|Review the Resilience and Recovery 2020-2021 Plan for Living With COVID-19 to better reflect actual circumstances and the particular behaviours of artists, audiences and venue staff in this area of Irish life.||Cement the link between Cultural Access and Health and Well-being. AHRC and other partners, with the support of DCMS, will launch a new joint research programme focusing not just on mental health but health generally. It will work with other relevant networks (e.g. the National Academy of Social Prescribing) to identify the local assets, partnerships and delivery mechanisms best suited to a national roll-out of arts-and-culture-based policy to redress the health inequalities that have been amplified by the pandemic.|
|Establish ‘Re-imagining our Public Spaces’: a capital improvement programme.||Diversify and nurture talent. Arts funding agencies should undertake a collaborative project looking at the impact of COVID-19 on new entrants to the cultural and creative sectors’ workforce, and at effective interventions to reverse the labour market scarring and to bring back talent recently lost.|
|Establish and fund a Creative Green Programme.|
Many of these proposals reflect the challenges and opportunities that emerged from an ACNI survey of artists and arts organisations in receipt of COVID-19 emergency funding support in this jurisdiction. ACNI officials summarised their key findings to the Communities Committee on 1 July 2021, as:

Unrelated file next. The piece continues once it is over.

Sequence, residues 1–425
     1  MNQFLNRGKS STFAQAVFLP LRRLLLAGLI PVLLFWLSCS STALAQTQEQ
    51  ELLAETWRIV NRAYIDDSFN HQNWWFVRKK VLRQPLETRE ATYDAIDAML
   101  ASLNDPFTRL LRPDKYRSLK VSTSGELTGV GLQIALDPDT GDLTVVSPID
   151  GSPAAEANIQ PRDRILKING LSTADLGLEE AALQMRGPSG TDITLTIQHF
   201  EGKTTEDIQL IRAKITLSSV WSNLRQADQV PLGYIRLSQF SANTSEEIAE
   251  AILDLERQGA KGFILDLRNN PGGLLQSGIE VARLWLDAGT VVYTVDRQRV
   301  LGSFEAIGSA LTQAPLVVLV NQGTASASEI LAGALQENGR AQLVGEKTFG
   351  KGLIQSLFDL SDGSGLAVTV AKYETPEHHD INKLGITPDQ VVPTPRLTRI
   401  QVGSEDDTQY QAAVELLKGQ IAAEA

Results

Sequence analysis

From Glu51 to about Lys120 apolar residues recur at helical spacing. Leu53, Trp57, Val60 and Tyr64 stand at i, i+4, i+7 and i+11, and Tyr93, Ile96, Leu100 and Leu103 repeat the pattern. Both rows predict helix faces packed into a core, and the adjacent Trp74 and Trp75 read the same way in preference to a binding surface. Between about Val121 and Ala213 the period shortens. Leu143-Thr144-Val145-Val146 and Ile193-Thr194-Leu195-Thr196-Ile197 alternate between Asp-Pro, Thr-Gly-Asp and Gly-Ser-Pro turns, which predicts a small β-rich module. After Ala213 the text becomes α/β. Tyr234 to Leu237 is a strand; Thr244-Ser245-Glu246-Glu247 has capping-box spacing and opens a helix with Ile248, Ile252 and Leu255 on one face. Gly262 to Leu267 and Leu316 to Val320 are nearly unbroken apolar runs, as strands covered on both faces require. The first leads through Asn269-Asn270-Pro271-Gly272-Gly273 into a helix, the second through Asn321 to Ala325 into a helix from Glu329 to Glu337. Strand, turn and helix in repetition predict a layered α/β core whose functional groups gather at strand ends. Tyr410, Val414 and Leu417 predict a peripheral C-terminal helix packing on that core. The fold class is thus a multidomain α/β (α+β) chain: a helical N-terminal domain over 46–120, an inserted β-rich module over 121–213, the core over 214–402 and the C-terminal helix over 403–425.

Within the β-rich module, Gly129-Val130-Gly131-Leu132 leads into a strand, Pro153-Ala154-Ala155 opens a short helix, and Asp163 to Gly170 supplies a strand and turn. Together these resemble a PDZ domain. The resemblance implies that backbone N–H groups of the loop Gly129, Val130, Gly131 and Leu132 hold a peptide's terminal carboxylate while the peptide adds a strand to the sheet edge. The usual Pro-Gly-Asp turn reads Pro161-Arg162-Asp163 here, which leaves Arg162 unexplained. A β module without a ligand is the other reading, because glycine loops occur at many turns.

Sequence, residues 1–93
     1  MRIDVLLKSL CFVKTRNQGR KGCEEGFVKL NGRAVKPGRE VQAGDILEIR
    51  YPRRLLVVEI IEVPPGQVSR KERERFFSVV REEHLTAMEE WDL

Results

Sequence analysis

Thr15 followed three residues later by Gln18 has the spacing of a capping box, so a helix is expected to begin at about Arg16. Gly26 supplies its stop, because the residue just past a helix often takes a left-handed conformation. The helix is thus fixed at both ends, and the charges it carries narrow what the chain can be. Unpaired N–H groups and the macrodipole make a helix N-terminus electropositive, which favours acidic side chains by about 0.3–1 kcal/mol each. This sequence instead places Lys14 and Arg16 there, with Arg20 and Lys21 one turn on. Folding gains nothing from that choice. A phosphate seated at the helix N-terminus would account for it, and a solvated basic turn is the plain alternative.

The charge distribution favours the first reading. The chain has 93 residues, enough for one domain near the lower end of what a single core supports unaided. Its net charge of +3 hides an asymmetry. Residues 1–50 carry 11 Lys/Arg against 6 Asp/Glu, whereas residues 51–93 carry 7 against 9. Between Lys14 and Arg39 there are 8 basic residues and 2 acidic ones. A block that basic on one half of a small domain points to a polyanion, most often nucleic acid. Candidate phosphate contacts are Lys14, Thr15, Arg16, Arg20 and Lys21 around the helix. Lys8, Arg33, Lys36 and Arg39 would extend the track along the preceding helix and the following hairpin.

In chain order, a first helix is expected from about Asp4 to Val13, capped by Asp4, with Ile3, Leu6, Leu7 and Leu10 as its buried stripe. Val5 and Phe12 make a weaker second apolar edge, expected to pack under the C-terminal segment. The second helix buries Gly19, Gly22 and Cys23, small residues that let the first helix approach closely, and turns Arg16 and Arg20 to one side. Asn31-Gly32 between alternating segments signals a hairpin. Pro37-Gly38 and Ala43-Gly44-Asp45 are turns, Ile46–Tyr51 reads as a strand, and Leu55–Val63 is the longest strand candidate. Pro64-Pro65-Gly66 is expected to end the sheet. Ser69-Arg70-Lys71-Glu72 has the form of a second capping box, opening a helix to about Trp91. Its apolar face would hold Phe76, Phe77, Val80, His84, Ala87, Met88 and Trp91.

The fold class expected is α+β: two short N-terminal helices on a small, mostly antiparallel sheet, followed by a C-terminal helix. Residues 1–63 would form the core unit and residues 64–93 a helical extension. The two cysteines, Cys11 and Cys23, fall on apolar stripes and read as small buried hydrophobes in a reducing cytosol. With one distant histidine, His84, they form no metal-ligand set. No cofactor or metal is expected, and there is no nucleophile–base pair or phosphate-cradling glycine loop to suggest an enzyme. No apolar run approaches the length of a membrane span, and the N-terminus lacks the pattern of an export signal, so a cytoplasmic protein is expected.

Mental health and well-being for both audiences and those working in the cultural sectors was discussed by the Communities Committee as a key issue for consideration, particularly when 16% of 173 artists who responded to a mental health survey by Ulster University in 2018, reported attempted suicide in the previous 12 months. Further research about the mental health of arts workers during the pandemic is a potential issue for further consideration.
Also, the dual impacts of Brexit and the development of a digital divide, both for those working in the cultural sectors and for those wishing to access it, were also highlighted as priorities for consideration.
Subsector specific strategies